PT 1 // PT 2 // PT 3 // PT 4 // PT 5 // PT 6
May 1, 2021, 9:31 p.m.
26.5 Years Ago
Paul woke up in a hospital bed. His leg and arm each had a cast. Despite his grogginess his eyes darted around for his mother. Instead, they found Nobody, sitting in a plastic chair next to his bed.
“Your mother is fine,” he said. “Or at least, she will be.”
He was dressed exactly the same as he was moths ago. The same gray slacks. The same black pea-coat. As messy as Nobody’s black hair was, Paul wasn’t sure a single strand had moved from when he’d last seen him. The opaque mask Nobody wore still made it hard to see any details in his face.
“So dad stopped?” Paul’s father had come close to killing him twice, and the man nearly killed his mother at least three times. They’d get rushed to the hospital and treated for what was always somehow described as an “accident.” They’d move after the “accident” to be sure the hospital didn’t have an accurate record of how many times the family had visited.
“No,” Nobody answered. “The police showed up. By the grace of God there was an officer near the house when you called. Your father is in holding. He’s been charged with domestic abuse, assault, and attempted murder.”
“I don’t think he was really trying to kill me,” Paul said. He was confused just an instant after he asked the question. Why was he defending the man who’d just beat him and his mother to within an inch of their lives?
“He had a knife on him when the police entered your home,” Nobody said. “Apparently, he saw the phone you used. One might debate if he really intended to use it or not. Even your father claimed he had the knife to attempt suicide.”
Paul’s father had done that five times that he knew of. His mom would threaten to leave, and he’d pull out a knife and threaten to kill himself. A part of Paul truly wanted that to be the truth. It was one thing for his father to pull one of his typical self-threatening displays, but another part of Paul knew that the knife was meant for him.
“How do you know all this?” Paul asked.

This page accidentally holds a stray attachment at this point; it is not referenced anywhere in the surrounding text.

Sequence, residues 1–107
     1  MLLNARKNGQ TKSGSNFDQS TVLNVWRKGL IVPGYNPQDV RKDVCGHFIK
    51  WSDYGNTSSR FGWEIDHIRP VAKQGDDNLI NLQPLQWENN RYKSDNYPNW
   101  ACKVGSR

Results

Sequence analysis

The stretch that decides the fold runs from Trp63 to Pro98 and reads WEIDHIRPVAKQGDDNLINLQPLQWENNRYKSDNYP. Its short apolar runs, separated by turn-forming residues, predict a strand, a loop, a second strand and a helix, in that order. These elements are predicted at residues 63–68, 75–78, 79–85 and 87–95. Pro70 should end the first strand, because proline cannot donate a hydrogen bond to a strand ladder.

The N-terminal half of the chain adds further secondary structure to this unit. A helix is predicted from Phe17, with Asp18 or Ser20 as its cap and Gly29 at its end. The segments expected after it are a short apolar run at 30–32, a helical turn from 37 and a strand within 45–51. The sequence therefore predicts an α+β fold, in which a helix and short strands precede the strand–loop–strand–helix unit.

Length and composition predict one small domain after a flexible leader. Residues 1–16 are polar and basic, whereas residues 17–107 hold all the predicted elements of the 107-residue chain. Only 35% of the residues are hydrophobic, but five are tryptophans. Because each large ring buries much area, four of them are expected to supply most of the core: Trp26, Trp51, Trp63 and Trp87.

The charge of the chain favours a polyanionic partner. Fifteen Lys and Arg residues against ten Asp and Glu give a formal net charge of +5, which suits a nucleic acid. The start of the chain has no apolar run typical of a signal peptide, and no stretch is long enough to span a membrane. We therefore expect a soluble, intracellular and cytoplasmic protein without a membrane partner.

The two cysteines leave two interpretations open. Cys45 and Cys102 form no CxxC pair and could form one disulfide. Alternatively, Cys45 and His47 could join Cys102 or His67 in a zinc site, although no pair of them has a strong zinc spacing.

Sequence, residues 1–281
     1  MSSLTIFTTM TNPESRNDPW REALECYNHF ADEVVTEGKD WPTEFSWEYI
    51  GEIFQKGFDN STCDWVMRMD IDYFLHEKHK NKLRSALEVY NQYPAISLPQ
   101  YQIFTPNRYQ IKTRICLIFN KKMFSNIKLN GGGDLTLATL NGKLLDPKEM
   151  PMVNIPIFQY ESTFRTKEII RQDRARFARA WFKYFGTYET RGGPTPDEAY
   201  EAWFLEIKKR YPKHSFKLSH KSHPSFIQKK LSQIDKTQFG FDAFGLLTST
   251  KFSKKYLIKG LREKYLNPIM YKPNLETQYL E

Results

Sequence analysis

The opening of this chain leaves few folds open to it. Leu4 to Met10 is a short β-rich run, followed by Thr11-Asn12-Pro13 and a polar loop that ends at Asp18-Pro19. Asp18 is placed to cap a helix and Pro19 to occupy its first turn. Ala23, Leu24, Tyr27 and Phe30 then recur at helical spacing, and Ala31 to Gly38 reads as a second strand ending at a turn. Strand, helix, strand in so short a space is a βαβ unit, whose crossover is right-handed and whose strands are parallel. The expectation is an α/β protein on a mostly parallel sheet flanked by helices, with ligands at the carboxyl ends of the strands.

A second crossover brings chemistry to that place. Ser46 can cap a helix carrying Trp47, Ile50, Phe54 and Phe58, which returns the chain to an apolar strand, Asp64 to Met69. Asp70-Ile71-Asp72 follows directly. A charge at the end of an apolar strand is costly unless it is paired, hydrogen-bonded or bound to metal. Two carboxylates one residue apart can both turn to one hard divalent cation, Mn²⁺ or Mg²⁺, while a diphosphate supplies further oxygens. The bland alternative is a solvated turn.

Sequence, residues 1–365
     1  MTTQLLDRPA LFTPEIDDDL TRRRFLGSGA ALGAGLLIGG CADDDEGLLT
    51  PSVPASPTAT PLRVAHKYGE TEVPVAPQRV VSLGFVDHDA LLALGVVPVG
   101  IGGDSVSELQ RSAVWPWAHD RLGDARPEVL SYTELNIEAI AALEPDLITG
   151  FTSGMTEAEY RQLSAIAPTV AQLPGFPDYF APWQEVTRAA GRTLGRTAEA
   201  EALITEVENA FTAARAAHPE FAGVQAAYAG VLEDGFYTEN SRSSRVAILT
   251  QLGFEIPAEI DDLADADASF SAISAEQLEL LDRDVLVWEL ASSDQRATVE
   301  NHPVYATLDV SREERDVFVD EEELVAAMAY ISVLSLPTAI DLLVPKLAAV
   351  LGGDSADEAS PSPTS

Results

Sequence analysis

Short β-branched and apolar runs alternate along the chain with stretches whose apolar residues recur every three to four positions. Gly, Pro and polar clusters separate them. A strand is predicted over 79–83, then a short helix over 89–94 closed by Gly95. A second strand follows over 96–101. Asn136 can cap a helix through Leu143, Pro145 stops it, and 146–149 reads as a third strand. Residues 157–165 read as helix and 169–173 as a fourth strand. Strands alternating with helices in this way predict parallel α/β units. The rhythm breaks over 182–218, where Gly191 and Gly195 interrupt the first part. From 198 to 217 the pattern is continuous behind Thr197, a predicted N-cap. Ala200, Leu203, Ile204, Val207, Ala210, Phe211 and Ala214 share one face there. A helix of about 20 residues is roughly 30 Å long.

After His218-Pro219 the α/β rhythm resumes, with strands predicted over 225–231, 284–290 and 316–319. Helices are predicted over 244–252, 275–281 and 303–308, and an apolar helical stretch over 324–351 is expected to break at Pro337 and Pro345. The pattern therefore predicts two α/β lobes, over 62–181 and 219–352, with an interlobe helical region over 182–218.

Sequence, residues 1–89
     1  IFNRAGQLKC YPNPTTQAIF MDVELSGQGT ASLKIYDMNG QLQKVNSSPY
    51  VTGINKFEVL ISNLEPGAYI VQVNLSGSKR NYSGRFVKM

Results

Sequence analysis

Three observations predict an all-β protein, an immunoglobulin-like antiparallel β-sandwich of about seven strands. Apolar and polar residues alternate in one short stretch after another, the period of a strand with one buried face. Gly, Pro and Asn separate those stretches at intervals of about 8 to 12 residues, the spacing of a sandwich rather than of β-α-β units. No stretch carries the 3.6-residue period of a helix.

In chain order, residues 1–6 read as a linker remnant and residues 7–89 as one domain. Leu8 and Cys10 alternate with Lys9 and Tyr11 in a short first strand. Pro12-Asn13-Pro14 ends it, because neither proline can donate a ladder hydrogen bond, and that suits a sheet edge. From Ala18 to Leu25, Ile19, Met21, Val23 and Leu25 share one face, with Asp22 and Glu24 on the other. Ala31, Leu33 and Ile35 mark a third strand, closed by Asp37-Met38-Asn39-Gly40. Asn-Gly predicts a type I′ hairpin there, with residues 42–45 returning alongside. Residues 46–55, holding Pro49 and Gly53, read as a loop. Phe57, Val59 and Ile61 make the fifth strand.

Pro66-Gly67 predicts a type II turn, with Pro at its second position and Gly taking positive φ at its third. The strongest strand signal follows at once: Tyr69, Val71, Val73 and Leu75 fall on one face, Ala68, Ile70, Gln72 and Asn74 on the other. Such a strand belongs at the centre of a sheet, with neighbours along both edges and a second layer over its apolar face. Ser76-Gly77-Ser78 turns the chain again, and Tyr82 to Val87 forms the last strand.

“The same way I know everything else.” Nobody said it as if it were an actual explanation.
“And you didn’t do a damn thing!” Paul yelled.
“Please don’t use that language around me,” Nobody said.
“Fuck off!” Paul shouted. “You appear in my bedroom and hand me a Bible when you could have knocked on the door with a police man.”
“The language you use is a reflection of your own heart,” Nobody said. “And you’re trying to make me angry and defensive. It won’t work. Tell me honestly what would have happened if I had shown up with a cop? If you hadn’t had called the police and your father didn’t actually kill you, what would have happened?”
Paul opened his mouth, but no words came out.
“I imagine, if he hand’t killed you, he would have taken you to get patched up. He’d have claimed there was an accident. Then you’d move.”
Paul’s mouth remained open in shock. It was almost exactly what Paul thought his father would have done.
“Did God just magically teleport the Israelites out of Egypt?” Nobody asked.
Paul jerked his head. The question felt like it came out of nowhere. On moment, we’re talking about my dad, and the next moment he’s asking about Exodus?
“Moses led them out of Egypt,” Paul said. “I’ve been reading like you asked.”
“Why?” Nobody asked.
“Why what?” Paul asked. Why did Moses lead the Israelites out of Egypt?
“Why have you been reading?” Nobody slowly rubbed his hands against one another. It seemed like a habit. The room wasn’t particularly cold.
“I don’t really know,” Paul admitted. “I mean you asked me to, but a part of me was just curious.”
“And your other reading? Any luck finding out how I do it?” Even through the mask, Paul heard Nobody’s amusement.
“I think you found some way to teleport,” Paul said.
“Have you considered perhaps that God moves me?” Nobody asked.
“No,” Paul said. “What you’re doing is real.”
“And the Bible isn’t real?” Nobody asked.
“No,” Paul replied. “Science has proven there isn’t a God.”
“Really?” Nobody cocked his head. “I should like to see that scientific evidence.”
“The world wasn’t made in six days,” Paul said. “We didn’t descend from just two people. There aren’t miracles.”
“There aren’t miracles?” Nobody asked. “How then, do you explain the fact that you’re alive right now?”
“I’m alive because I called the police,” Paul said.
“And what were you thinking when you made this call? What was the last thought you had right before you pressed that emergency button?”
It was unnerving looking at the man’s opaque mask. Paul couldn’t really see the man’s eyes even if they were as intense as Paul felt they had to be. More strangely unnerving was the last question Nobody asked.
I asked for help.
“And who were you asking for help from, Paul?” Nobody asked as if Paul had spoken out loud. “After you asked, who helped you?”
“I did it myself!” Paul said angrily. No all-powerful being gave him the strength to press a button. He’d pressed buttons all the time. There was nothing supernatural about a phone call.
“And what about every other time you could have done it?” Nobody asked. “Why this time? Why did you gain the strength and courage this time?”
He emphasized the words, implying he knew exactly what verse was running through Paul’s mind when he made the call.
… to be continued …
79 thoughts on “Visits From A Man Named Nobody PT 7”